February Twenty Seventh

On February 27th, 1943, as the Chicago Defender went to press, writer Langston Hughes had found a literary friend – Jesse B. Semple, whom he fondly called “Simple.” Hughes first met Simple – his prototype, that is  – in a Harlem bar. The man invited Hughes to join him and his girlfriend Mary, at their table and struck up what Hughes would later title, a “Conversation at Midnight.” It was a rambling, rather useless chat about making cranks in a defense factory. In it was a quirky undertow of philosophy that pulled the evening along. The man did not know what the cranks he made were used for. Mary thought he ought to. The man protested that White folks never told Blacks those kinds of things. “I dont crank with those cranks. I just make ’em.” As their banter went on, an exasperated Mary countered, “You sound right simple.” And the rest, to the delight of Hughes’ readers, was history – twenty-three years of Simple Speaks His Mind.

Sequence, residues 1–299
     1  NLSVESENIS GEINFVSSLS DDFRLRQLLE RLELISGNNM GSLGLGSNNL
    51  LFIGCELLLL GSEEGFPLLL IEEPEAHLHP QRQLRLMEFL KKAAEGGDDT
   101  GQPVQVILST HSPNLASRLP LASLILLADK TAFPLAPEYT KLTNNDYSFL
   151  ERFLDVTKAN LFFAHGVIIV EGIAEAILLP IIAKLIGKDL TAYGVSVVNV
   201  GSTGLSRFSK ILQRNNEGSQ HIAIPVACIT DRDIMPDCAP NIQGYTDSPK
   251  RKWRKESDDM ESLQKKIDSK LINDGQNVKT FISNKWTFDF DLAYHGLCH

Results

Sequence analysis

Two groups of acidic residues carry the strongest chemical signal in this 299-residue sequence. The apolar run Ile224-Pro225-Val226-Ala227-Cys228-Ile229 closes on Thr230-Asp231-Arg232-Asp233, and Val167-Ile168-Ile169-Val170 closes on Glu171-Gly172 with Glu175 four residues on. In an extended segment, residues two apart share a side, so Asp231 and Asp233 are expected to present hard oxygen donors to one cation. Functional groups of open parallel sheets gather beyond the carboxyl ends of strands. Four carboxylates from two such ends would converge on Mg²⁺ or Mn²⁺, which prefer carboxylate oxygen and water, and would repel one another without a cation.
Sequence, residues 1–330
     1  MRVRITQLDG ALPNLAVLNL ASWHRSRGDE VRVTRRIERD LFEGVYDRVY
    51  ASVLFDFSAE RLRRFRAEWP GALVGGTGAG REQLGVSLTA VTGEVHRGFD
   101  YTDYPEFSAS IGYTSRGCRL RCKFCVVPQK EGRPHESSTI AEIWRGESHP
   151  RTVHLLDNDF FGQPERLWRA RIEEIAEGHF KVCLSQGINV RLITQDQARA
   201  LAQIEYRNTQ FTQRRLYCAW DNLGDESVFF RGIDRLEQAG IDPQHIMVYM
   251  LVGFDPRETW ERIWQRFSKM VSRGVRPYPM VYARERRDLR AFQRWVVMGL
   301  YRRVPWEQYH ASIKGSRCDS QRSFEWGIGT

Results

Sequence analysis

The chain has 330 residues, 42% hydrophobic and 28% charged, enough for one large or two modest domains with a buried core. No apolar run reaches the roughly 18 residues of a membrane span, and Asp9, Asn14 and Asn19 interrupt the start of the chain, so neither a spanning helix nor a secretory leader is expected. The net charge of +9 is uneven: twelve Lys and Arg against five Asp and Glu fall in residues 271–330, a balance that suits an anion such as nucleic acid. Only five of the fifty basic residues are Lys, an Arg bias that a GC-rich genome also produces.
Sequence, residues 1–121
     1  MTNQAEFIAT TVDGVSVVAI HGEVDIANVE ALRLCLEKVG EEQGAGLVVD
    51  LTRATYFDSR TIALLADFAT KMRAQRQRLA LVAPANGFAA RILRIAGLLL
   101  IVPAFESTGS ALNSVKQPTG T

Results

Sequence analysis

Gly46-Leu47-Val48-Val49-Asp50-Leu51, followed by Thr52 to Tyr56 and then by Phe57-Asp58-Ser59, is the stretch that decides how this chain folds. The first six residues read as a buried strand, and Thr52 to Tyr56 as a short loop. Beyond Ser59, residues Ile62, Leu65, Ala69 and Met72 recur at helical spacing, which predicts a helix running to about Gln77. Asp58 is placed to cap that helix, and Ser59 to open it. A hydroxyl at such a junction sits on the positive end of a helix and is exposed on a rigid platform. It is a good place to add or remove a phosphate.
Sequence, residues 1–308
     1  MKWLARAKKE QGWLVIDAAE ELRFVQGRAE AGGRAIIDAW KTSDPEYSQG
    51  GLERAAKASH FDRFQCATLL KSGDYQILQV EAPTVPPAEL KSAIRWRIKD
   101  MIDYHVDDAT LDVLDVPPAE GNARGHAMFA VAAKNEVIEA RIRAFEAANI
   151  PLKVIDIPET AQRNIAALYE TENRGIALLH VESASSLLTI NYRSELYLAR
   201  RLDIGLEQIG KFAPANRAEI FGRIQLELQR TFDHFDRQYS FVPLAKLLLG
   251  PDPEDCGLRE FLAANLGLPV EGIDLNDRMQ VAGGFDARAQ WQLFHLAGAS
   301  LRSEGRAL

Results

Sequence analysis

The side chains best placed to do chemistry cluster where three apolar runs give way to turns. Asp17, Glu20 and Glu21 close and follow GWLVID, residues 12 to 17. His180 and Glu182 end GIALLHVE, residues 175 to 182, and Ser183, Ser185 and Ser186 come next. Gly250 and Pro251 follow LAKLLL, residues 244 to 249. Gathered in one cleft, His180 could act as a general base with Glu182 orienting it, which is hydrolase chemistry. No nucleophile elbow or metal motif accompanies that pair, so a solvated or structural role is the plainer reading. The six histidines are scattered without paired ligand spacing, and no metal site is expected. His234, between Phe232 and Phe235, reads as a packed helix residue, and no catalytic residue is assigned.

– Inspiring Moments in Black History by Janus Adams

February Twenty Sixth

When Cassius Clay took up boxing as a four foot eighty-seven pound Kentucky Kid, he was determined to change his fate. He wanted to stop bigger boys from taking his bicycle. Now, on February 26, 1964 his first day as The Heavy Weight Boxing Champion of The World, no one doubted his ability to fight. but he would soon face opponents he could never have anticipated. On that day, he announced, “I believe in the religion of Islam. I believe in Allah and peace… I’m not a Christian anymore.” With that, Cassius Clay became Muhammad Ali and quickly faced new bouts in the courts of law and public opinion; from the sports establishment to his draft board and the Supreme Court.

Yet he fought on. With skill, talent, a lot of pain and amazing humor, he won each battle. He fought for his beliefs, earning the respect and admiration of millions the world round. Living the spirit of his name, he was truly Muhammad Ali: “one who is worthy of praise.”
– Inspiring Moments in Black History by Janus Adams